By Ben Johnson, CFA
Capital Research and Management Company, the firm behind the storied American Funds franchise, has been on the ropes for years. The firm's cold streak began in 2008, and in the intervening six-plus years, the company has seen approximately one quarter of one trillion dollars of investors' money leave its lineup. That said, even after accounting for these outflows, American Funds remains the third-largest fund family in the U.S.
The reasons underlying American Funds' woes are many and were expertly documented by my colleague John Rekenthaler in a pair of articles: "Unlikely Cousins" and "The Wrong Side of History." He argues that investment performance has done little to take the shine off of this fund family:
American Funds is struggling because of distribution and marketing decisions, not because of performance. This is relevant because American Funds is often held up as an example of the failure of active fund management. But that is not so, and to interpret American Funds' business difficulties as a comment on the issue of active versus passive management is to misread the data.
I mostly agree. The family dodged a bullet as it sat out the tech bubble, and subsequently attracted large net new inflows. However, its relative performance during the 2008 market downdraft was less impressive, and when considered in the context of the points Rekenthaler makes, this rounds out the list of reasons explaining its recent struggles. However, recent efforts from Capital Group indicate that it is now moving to make up for lost time.
Don't Call It a Comeback
The firm's first counterpunch took the form of a national PR blitz launched last year to tout "the active advantage." Rekenthaler summarized the case Capital Group makes for active management in "The Empire Strikes Back." Based on Morningstar's Asset Flows data for the 12-month period ended June 30, 2014, it's apparent that this punch never landed, as the firm saw a collective $10.5 billion in net outflows. But Capital Group is still swinging. On July 25, it submitted a filing with the SEC for the "Capital Group ETF Trust." The filing details Capital Group's plans to launch nontransparent actively managed exchange-traded funds that leverage a structure developed by Precidian Investments. This is, in effect, equivalent to the purchase of a long-dated call option on ETF "technology."
What does this mean from Capital Group's point of view? First, it's a clear indication that the firm has finally acknowledged that investment-wrapper "technology" has advanced considerably since the ink dried on the 1940 Act, and that ETFs reflect the latest evolution in the way investment strategies are delivered to investors. Asset managers delivering their strategies in ETF form are akin to authors moving from fighting (and paying) for shelf space at local booksellers to being self-published so that anyone with an Internet connection can download their work instantaneously. This way around traditional distribution channels has been most notably exploited by Vanguard, whose ETF share class was an inroad to wire houses and other channels where their mutual funds never made it to the shelves. In many ways, Vanguard's ETF "straw" has allowed it to take quite a gulp out of American Funds' "milk shake" (see exhibit below), giving it an in with previously impenetrable channels such as the national wire houses.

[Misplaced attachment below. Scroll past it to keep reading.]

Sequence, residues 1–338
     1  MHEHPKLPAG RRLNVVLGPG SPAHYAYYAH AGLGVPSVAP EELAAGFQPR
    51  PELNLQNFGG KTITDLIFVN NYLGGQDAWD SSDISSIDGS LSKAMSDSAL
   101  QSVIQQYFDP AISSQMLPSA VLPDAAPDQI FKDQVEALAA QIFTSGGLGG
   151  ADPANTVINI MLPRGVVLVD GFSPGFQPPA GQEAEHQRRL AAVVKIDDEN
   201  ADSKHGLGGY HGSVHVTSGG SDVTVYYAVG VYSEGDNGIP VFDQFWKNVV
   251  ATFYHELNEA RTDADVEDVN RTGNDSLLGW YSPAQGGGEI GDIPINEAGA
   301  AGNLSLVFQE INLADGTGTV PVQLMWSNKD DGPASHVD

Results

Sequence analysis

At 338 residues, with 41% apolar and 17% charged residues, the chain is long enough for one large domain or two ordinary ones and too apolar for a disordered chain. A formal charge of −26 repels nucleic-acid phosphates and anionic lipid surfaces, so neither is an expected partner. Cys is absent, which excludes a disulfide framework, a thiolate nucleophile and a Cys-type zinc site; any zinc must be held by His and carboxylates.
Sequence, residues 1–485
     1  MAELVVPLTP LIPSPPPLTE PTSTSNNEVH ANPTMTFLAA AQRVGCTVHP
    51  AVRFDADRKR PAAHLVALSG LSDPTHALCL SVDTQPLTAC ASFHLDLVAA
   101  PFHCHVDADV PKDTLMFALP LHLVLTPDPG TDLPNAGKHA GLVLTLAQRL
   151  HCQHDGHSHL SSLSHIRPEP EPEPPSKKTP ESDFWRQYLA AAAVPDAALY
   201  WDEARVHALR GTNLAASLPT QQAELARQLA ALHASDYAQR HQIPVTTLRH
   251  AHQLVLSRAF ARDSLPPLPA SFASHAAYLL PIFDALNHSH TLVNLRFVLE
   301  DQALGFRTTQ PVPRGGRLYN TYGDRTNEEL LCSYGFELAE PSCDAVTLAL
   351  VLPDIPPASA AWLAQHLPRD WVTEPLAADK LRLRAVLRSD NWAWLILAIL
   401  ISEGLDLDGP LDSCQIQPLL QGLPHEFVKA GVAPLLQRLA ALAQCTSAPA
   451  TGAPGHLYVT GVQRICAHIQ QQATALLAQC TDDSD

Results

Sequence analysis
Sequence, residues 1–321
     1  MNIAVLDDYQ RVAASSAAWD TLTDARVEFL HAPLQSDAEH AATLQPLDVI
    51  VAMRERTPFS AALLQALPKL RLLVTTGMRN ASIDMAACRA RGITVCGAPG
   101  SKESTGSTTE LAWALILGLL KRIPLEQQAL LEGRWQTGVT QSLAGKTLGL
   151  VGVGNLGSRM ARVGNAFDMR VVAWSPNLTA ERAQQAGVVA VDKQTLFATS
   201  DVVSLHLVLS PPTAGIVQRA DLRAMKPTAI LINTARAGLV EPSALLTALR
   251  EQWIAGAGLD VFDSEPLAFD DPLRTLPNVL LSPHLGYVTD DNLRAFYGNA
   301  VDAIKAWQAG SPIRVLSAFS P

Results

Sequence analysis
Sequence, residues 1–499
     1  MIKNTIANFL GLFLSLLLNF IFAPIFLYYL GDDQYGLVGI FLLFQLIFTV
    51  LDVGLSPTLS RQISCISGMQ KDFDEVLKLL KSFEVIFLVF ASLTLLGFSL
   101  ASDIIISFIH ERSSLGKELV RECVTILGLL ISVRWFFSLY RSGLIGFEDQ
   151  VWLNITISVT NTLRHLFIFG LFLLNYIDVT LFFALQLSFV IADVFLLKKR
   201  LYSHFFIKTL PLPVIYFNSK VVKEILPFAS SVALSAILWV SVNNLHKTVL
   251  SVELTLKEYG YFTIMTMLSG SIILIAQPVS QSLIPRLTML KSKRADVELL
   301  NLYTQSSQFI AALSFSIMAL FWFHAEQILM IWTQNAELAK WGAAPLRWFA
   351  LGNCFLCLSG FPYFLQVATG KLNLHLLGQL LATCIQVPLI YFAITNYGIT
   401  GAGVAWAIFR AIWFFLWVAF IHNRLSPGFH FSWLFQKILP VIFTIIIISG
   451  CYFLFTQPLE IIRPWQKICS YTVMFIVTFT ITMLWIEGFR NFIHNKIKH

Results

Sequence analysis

Fund Family Net Flows
Source: Morningstar Asset Flows.
It's also notable that Capital Group has filed for nontransparent actively managed ETFs. The SEC currently requires actively managed ETFs to disclose their full portfolio holdings on a daily basis. This has made actively managed ETFs a nonstarter for many active managers who don't relish the idea of playing a game of poker with their cards facing out toward their table mates. Precidian's blind trust structure (which has yet to receive SEC approval) would allow portfolio managers to disclose their holdings with the same frequency as their traditional mutual fund counterparts--on a quarterly basis, with a lag. Clearly, an option that would allow Capital Group to keep its "secret sauce" under wraps is, from their perspective, far more palatable.
A new wrapper that simplifies distribution while preserving Capital Group's managers' best ideas may be the one-two punch the company needs to finally get off the ropes.